biology zoology blog benno meyer Useless organs

Useless Organs

But are they there for a reason?

One of my earlier blogs dealt with organs that were absent in some organisms even though we would have expected them to be present: take the absence of red blood in some fish or the lack of lungs in some salamanders. This blog is about organs termed ‘useless’ and I was thinking of them in my dentist’s chair, while he was giving one of my wisdom teeth a root canal treatment. Wisdom teeth in humans are sometimes called useless, because the relatively small jaw of humans no longer has the space for the wisdom teeth (is one opinion). But in my case, all 4 wisdom teeth are in good shape and I use them. Another human organ often referred to as useless is the appendix and we can certainly survive without it very well. Some people would include the foreskin of us males. But useless? The appendix is thought to have a function as a reservoir for good gut bacteria and the foreskin is a protective cover. Therefore, both cannot be deemed to be totally useless. However, I’d say the nipples on the chest of boys and men are indeed “useless”, not possessing any particular function that I can imagine.

Some organs regarded as useless are vestigial structures; structures so to speak that are on their “way out”; structures that once did have a function, but owing to the tenet of the survival of the fittest, lose all their importance and remain around for generations as a genetic burden. I’d say the beard of us male subjects is such a useless structure (although it can look elegant and give a person an aristocratic appearance, but more often than not, it looks untidy and unkempt). For postmenopausal women, I wonder what biological use their breasts still have, when child-bearing has ceased and milk production is out of the question. Why don’t the breasts diminish or contract? Or is their presence somehow linked to the female’s greater longevity than that of men even if they no longer are capable of producing milk?
As a New Zealander, it has always puzzled me why the Kiwi bird has these tiny wing bones when there are not even vestiges of the wings or why the native New Zealand frogs apparently have tail-wagging muscles when there are no tails to wag? I have also wondered why certain diurnally active firefly species still have light organs (although the latter are actually much reduced by comparison with those of the nocturnal firefly species). And what about the hind leg bones in whales, the pelvic bones in some snakes: useless because there are no hind legs. Or is there still an unknown role for them in balancing the body?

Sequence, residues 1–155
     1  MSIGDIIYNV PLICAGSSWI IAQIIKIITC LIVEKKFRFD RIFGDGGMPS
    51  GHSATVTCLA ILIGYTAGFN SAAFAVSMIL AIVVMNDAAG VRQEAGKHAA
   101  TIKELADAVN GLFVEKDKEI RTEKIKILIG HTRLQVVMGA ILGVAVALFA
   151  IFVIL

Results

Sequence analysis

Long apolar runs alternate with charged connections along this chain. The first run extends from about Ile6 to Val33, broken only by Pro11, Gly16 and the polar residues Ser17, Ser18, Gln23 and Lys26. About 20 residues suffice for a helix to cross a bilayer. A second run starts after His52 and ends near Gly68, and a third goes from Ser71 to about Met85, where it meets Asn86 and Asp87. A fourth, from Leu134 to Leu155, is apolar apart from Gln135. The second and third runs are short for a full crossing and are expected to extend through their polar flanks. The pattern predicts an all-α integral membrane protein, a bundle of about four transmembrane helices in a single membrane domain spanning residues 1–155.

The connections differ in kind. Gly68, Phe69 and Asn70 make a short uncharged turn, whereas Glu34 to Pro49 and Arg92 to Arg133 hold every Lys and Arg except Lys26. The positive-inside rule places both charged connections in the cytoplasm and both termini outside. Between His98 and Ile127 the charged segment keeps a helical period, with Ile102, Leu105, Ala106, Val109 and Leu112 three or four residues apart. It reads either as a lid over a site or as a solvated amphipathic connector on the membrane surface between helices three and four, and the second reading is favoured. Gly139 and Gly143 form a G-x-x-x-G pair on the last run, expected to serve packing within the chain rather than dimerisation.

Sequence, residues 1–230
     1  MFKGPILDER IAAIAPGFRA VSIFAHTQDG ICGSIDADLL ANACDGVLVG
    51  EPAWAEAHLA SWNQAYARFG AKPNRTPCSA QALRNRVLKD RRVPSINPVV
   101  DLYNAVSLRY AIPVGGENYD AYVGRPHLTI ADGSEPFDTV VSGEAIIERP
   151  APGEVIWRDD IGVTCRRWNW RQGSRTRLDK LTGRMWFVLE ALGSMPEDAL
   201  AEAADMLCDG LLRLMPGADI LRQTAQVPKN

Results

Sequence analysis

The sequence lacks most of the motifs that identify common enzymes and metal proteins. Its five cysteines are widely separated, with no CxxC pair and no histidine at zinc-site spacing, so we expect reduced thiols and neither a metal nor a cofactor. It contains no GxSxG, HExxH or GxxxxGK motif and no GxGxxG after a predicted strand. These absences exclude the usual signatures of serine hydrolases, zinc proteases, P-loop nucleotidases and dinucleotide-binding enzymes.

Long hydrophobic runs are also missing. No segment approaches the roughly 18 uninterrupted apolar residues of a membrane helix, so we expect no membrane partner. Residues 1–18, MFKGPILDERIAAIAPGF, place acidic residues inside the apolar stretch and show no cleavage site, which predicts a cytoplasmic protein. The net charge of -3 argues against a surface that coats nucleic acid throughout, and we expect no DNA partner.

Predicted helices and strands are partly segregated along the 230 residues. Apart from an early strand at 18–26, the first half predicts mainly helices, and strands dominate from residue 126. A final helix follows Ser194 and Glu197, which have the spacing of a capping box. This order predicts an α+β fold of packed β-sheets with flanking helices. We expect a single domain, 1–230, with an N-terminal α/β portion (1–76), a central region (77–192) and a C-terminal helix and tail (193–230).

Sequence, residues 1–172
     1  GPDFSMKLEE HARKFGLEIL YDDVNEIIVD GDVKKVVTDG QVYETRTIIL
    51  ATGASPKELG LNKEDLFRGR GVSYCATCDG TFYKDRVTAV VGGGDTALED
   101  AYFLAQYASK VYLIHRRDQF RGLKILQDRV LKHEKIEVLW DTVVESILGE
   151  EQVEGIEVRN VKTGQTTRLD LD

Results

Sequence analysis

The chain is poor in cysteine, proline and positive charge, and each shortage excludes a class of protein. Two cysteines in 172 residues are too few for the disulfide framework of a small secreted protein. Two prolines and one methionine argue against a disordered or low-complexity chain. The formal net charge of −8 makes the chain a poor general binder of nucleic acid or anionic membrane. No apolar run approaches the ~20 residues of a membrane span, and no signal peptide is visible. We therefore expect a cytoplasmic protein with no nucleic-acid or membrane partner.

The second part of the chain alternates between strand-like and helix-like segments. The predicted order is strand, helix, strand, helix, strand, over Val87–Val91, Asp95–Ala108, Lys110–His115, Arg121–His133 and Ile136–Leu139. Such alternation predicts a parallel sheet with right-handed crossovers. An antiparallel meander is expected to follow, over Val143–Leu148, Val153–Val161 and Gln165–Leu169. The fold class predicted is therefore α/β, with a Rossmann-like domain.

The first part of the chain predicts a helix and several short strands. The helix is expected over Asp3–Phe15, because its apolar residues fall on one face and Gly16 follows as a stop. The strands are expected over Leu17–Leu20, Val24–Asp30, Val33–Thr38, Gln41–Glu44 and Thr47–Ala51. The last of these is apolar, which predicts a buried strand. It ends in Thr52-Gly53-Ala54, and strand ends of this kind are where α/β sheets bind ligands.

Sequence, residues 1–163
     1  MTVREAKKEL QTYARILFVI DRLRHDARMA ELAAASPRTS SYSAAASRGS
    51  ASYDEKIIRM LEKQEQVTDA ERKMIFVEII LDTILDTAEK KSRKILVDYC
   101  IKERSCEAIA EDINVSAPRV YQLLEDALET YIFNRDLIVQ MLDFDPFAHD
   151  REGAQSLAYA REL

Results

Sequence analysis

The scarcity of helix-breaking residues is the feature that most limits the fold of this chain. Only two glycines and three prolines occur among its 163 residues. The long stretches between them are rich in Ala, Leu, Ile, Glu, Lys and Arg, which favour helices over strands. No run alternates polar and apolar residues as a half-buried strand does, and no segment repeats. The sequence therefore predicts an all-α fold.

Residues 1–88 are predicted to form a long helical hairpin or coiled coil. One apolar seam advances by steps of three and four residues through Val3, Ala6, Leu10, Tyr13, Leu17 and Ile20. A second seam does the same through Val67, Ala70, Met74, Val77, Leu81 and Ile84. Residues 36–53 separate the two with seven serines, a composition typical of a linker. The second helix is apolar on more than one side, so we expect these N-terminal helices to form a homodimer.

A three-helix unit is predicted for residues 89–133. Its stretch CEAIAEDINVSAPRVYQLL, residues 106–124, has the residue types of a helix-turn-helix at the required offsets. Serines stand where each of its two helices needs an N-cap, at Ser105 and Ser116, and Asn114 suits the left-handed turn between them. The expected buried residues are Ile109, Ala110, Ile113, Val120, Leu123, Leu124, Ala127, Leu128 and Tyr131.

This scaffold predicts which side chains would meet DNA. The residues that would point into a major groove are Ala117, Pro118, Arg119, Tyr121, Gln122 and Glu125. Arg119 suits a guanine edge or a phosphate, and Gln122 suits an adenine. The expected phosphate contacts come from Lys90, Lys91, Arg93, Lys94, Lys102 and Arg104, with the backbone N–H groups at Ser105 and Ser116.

I think one of the best examples of a pretty useless structure are the puny front legs (let’s call them arms) of the fierce and predatory Tyrannosaurus rex. They may have been almost a metre long and moved by powerful muscles, but in relation to the rest of the body of T. rex they were tiny. Obviously the arms represent severely reduced front legs with a strongly reduced number of fingers: two large digits with sickle-shaped claws are present and a tiny vestigial third finger may be present. It seems accepted that the massive head of T. rex and its enormously powerful bite have required a trade-off between muscles to support the head and the jaws of the beast and muscles to support the forelimbs. Since head and jaw were far more important than the forelimbs, i.e. the arms, they missed out and became vestigial. However, as to the function of the arms, no consensus has been reached so far.

That they could have assisted to hold a partner during courtship is one idea, because in order to use these arms, the object or subject to use them with had to be very close indeed. Another idea, also requiring close proximity, is that the arms and their claws could have helped to rip into prey reducing its struggle and holding it like meat-hooks hold a carcass. It is also possible that the small arms could have assisted a T. rex to rise up from the ground once it fell down, perhaps in a struggle with prey or another T. rex individual, or when getting off the ground after a nap. For the time being the arms of T. rex remain a mystery, but it’s nice they are there, for that gives us something to speculate.

© Dr V.B. Meyer-Rochow and, 2020.
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